New facilities will provide emergency response, house fireboats

A rendering of the Fireboat Station 15 project at the Port of Long Beach.
A rendering of the Fireboat Station 15 project at the Port of Long Beach.

The Port of Long Beach took another step toward building two new fireboat stations that are vital to protecting a major commercial gateway for the nation.
On Monday, Harbor Commissioners approved engineering design services for Fireboat Stations Nos. 15 and 20. The Commission also approved a baseline project budget of $50.1 million for the first station to be built, Fireboat Station No. 15. Station 15 will be located on the Main Channel, and is scheduled to be completed in 2020.

Fireboat Station No. 20, with an estimated budget of $51.6 million, will be located in the Port’s Inner Harbor. It is scheduled to be completed in 2021.

“These fireboat stations will safeguard the Port and our customers in this new era of big ships,” said Port of Long Beach Executive Director Mario Cordero. “They will provide the best waterside response possible, maximize landside firefighting coverage and serve as a home for our new, state-of-the-art fireboats.

“With ships more than doubling in size in the last decade and cargo traffic breaking monthly records, this is a needed upgrade to Port safety,” he said.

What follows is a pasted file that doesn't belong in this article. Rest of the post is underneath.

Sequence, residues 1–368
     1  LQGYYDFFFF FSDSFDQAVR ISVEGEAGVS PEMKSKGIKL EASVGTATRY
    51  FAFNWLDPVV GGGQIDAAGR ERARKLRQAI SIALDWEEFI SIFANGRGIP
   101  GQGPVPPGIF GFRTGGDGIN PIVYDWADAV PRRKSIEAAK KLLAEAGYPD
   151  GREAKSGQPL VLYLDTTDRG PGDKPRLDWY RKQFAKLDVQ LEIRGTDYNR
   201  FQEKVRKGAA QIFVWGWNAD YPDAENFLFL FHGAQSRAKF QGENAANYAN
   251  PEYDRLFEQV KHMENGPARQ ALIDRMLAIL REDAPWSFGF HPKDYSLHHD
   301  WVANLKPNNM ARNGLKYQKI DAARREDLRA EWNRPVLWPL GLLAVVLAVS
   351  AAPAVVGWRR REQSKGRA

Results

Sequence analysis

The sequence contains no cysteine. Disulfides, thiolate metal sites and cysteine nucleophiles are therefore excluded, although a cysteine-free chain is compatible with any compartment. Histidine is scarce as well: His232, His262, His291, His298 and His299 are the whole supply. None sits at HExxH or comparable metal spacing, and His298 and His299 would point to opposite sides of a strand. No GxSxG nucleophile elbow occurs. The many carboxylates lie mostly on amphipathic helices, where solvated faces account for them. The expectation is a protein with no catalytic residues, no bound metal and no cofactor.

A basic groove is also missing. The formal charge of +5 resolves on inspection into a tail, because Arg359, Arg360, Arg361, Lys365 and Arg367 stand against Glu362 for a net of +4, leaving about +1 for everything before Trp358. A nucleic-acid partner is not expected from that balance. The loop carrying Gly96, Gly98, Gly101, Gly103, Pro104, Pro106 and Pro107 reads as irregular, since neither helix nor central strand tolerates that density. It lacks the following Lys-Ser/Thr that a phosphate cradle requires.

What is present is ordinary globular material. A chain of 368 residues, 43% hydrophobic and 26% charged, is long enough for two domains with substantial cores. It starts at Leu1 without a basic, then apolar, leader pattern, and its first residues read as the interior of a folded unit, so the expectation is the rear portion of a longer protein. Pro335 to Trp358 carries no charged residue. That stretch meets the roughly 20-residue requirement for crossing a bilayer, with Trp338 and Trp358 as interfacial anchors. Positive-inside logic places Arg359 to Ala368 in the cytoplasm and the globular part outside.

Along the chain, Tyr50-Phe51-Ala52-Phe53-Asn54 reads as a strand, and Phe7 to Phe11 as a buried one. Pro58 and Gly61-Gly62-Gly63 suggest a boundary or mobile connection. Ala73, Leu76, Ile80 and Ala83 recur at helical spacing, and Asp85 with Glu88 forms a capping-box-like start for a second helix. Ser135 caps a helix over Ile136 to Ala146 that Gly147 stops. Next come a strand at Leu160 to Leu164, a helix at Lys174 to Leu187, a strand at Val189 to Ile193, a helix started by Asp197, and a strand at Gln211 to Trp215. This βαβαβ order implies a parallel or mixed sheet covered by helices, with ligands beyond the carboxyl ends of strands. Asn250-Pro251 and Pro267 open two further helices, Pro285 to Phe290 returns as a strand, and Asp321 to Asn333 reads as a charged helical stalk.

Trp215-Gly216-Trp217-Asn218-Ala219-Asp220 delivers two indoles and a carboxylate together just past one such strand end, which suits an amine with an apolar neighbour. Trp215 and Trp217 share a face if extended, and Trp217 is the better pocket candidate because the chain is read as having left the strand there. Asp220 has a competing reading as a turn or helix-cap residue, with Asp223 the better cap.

The fireboat stations will each include living quarters, a garage for firefighting apparatus and a full waterside wharf with enclosure for the fireboat.

The facilities, in keeping with the Port’s status as a worldwide leader in sustainable seaport operations, will be designed to attain the Leadership in Energy and Environmental Design Program’s (LEED) gold rating. The stations will use water-saving technology, energy-efficient appliances, natural ventilation and other features.

Later this year, Commissioners will consider putting the construction of the project out to bid.

The Port of Long Beach is one of the world’s premier seaports, a gateway for trans-Pacific trade and a trailblazer in goods movement and environmental stewardship. With 175 shipping lines connecting Long Beach to 217 seaports, the Port handles $180 billion in trade annually, supporting hundreds of thousands of Southern California jobs.